Hmmm. I think the FanGraphs Crowdsourcing is going to be closer to the actual number. Cecil ($7.625M), Darren O’Day ($7.75M), Joakim Soria ($8.33M), and Brad Ziegler ($9M) all recently signed contracts in the $7.5M to $9M annual salary range. Heck, Ryan Madson was out of baseball from 2012-14, and he was able to turn a good 2015 season into a three-year deal worth $7M annually. The going rate for a good free agent reliever is $8M or so a year nowadays.

Perhaps McGee’s recent knee and back trouble limit his market, or teams really hold his Coors Field performance against him, and he falls into the $6M per year range like MLBTR projects. That strikes me as a really good deal. McGee at $18M from 2018-20 or Cecil at $22.75M from 2018-20? Yeah, I know which one I’m picking. Three years and $8M annually sounds about right to me. Maybe McGee even gets a fourth year. It only takes one team to make that crazy offer, after all.

Does He Make Sense For The Yankees?

Yeah, I think so. Definitely. McGee is used to pitching in a tough environment — going from Coors Field to Yankee Stadium will probably feel like a relief to him — and he’s familiar with the AL East after spending all those seasons with the Rays. He’s a strikeout pitcher without a massive platoon split, so he wouldn’t need to be sheltered as a straight left-on-left matchup guy.

It is completely reasonable to wonder how effective McGee will be once he inevitably starts to lose some fastball. He’s already losing some fastball, in fact. His average velocity was 95.4 mph this past season, down from 97.5 mph just three years ago. What happens when McGee is averaging 93.5 mph, or 92.0 mph? Throwing 90% fastballs might not work so well at that velocity.

My guess is the Yankees are not eager to spend $8M or so per season on another reliever given their current bullpen situation. Not with the luxury tax plan in place. Maybe if McGee can be had at $6M annually, they’ll pounce. I think the luxury tax plan and the fact the Yankees are already quite strong in the bullpen will send them looking for a bargain lefty, not a high-priced one like McGee. He’s a fit, but he’s not a fit. Know what I mean?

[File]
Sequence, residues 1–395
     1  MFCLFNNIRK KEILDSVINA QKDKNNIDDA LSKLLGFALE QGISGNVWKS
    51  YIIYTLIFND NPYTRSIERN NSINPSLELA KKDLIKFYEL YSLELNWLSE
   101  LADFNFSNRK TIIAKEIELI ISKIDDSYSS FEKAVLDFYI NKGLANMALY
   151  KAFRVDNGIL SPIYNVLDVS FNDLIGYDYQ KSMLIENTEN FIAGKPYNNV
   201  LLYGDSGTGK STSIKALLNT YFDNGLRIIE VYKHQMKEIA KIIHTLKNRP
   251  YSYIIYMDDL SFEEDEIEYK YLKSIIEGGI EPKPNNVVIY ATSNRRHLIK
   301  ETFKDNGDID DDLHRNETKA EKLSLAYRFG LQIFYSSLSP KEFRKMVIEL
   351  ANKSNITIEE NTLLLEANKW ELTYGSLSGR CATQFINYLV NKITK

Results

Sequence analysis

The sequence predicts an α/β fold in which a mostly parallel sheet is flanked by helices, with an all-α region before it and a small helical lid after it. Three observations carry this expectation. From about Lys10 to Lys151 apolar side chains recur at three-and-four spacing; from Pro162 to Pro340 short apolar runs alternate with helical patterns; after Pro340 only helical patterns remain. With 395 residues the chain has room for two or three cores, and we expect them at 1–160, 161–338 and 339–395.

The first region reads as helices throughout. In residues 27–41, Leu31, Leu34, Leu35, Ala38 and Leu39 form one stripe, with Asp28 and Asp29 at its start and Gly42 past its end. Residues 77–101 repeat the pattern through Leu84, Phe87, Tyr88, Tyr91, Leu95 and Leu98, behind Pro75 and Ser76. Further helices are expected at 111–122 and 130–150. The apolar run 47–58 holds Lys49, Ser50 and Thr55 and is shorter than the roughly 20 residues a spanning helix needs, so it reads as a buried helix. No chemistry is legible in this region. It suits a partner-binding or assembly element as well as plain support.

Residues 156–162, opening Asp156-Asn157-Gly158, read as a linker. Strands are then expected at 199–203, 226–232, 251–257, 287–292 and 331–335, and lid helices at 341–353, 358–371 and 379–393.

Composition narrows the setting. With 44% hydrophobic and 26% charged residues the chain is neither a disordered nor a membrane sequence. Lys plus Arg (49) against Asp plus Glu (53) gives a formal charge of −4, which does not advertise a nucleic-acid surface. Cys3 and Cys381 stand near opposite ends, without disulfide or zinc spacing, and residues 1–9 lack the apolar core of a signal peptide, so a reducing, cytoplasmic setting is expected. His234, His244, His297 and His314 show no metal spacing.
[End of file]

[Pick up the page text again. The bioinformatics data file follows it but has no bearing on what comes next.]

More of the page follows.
Scouting the Free Agent Market: Alex Avila

(Presswire)
(Presswire)

Weirdly enough, the Yankees could be in the market for a catcher this offseason. Gary Sanchez is one of the best catchers in baseball and the Yankees aren’t about to move him out from behind the plate — “Hell no,” said Brian Cashman to Jon Morosi when asked about moving Sanchez to DH earlier this week — so there is no need for a starting catcher. The Yankees could use a new backup though.

Austin Romine, the backup catcher the last two seasons, hit .218/.272/.293 (49 wRC+) this year and .228/.271/.330 (57 wRC+) the last two years. Forty-four catchers batted at least 400 times from 2016-17. Romine ranks 43rd in wRC+, ahead of only Caleb Joseph. He’s a bad hitter even by backup catcher standards. Also, Romine threw out only 10% of basestealers this year, and his overall defensive numbers are just okay.

Point is, Romine doesn’t really do anything well, at least not according to numbers we have. Being just an okay defender is not enough when you don’t provide any offense. MLBTR projects a $1.2M salary for Romine next year, and while that’s not much in the grand scheme of things, it could push the Yankees to look at other backup catcher options. They might be able to find a more impactful backup catcher, even though most backup catchers provide no impact.